I have just read all three of the past posts from Yondalla's blog out loud to my husband and kept interrupting myself to embrace my computer and exclaim "she gets it!!!!!"
I can't tell you how much that means.
I think the princess behaviour is so hard for me to emotionally deal with because
1) of what Yondalla says about the difficulty of HOW to modify it
2)how hard it is for anyone else to see how awful it is and why it should be stopped!
When Monkey first came to us, she asked me if she could be called Princess.
She had been before, that was what birth Mom, birth Dad and Birth Grandma all called her and it is how they treated her and trained her.
It is not cute to live with especially because it is very hard to find someone to vent to about it.
Some people think I am nuts when I have tried to talk about it, or even point out the behaviour. How they can fall for it all is almost beyond me, but they do and look from the little, adorable girl with the beautiful, huge, trusting eyes and think there is something really wrong with me.
But see, most of the time I have to be on guard, constantly evaluating if the little girl I am seeing right now is the real child or the fake princess one, because damn it, it is my job not to let her grow up to live a life of manipulations instead of relationships.
It can be exhausting and worse confusing because I am constantly double and triple checking myself to make sure that I have read the situation right and I am responding the right way - I don't want to become jaded and simply assume that she is the princess all the time and therefore hold her at arm's length.
She is also my child and a littlish one at that and I want to give her the love she needs too.
Here are some examples from the last few days -
*talking to her and the other kids at the dinner table about why somethings that day upset me.
When I asked if they understood what I was saying, the other three nodded or said yes but almost before I was finished speaking - Monkey made eye contact with me with her most innocent expression on her face and asked me to pass her more food. When I asked her she had even heard what I had been saying, she said, "Yeah, can I have the food?".
*when caught doing something dangerous at the playground the other day and told that she had to come play on a blanket right in front of me, she cocked her head, widened her eyes and said plaintively, "does this mean I can't even play at the playground?". There was an audience of course but I have also been at this game with her long enough to pick up on how mad she was that I was upset with her. And she stayed mad for the night and into the next morning. How dare I?
*Yesterday in the car, I hear her brother Buddy say to her, "Monkey, can't I please have the bottom bunk in the trailer when we go camping next week?". Her answer? No he can't, she wants it. I break in to ask why they thought the decision is up to Monkey any way, because usually the way it is decided is that the biggest person gets the bottom bunk because it is slightly bigger ( they are both roomy).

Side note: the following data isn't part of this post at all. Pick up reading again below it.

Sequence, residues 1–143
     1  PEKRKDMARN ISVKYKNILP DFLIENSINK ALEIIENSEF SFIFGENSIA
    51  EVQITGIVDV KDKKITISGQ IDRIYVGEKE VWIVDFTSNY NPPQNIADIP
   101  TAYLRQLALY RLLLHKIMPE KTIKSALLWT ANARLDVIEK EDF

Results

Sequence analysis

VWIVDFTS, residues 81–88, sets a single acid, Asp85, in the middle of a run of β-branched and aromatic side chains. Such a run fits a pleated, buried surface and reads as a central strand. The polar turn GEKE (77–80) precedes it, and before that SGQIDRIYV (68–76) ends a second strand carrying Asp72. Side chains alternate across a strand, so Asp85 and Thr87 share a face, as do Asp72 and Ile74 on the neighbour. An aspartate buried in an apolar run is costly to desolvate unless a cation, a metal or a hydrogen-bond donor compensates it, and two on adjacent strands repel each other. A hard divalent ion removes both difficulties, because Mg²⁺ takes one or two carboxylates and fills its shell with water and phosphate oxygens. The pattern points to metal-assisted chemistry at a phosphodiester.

*The other morning I hear Buddy ask Monkey if he can use some of her hair gel, she says no.
I interrupt to tell Buddy to come into my room and I will put my gel in his hair for him and Monkey, true to form races to prevent that from happening. "No, no he can use this stuff!"
I ask her why and get her to admit that the gel in her room isn't hers, it's theirs, she has just been storing in her room instead of in their bathroom.
It is hard because Buddy is used to asking her for things or worse simply assuming that she should get first pick all the time. It can drive me crazy and it certainly doesn't help her.
Everyday things like when they go up to brush their teeth after breakfast, she will be behind him but telling him that she is going to use the bathroom first (to brush not for any other pressing reason) and he says OKAY!
Celebrating her birthday can be a bit of nightmare because the behaviour is untrammeled.
Her oldest brother gave her a present that he had thought hard about and spent his own hard earned money on - she was thrilled with the package, not so much with the actual present under the wrapping and tossed it aside without so much as an insincere thank you and started demanding (in a terribly cute way) the next gift.
I was horrified and we stopped the process right there.
She didn't get it, exactly but she tried to fake her way through it but she still wasn't impressed with the gift, an age appropriate game for her new game boy thing.
She hurt his feelings and even when it was explained to her, didn't get why she should care, there were more presents to be opened.
Sunny was embarrassed and unhappy about the whole thing.
A few months later, Monkey was chattering to me about how much she likes the game, how great it is and I reminded her of how she behaved when she got it, and she didn't like that.
Again, it is about how she feels about these things, not how other people feel and that is hard to break through.
But you know what?
She is in there.
The real flesh and blood human who needs and wants to be valued for who she really is, to learn how to talk about how she really feels.
There is a lot of pain and survival that went into becoming the Princess.
After all, sometimes when there wasn't much food or anything else, she got to eat and he brother Buddy didn't.
How is that for reinforcement?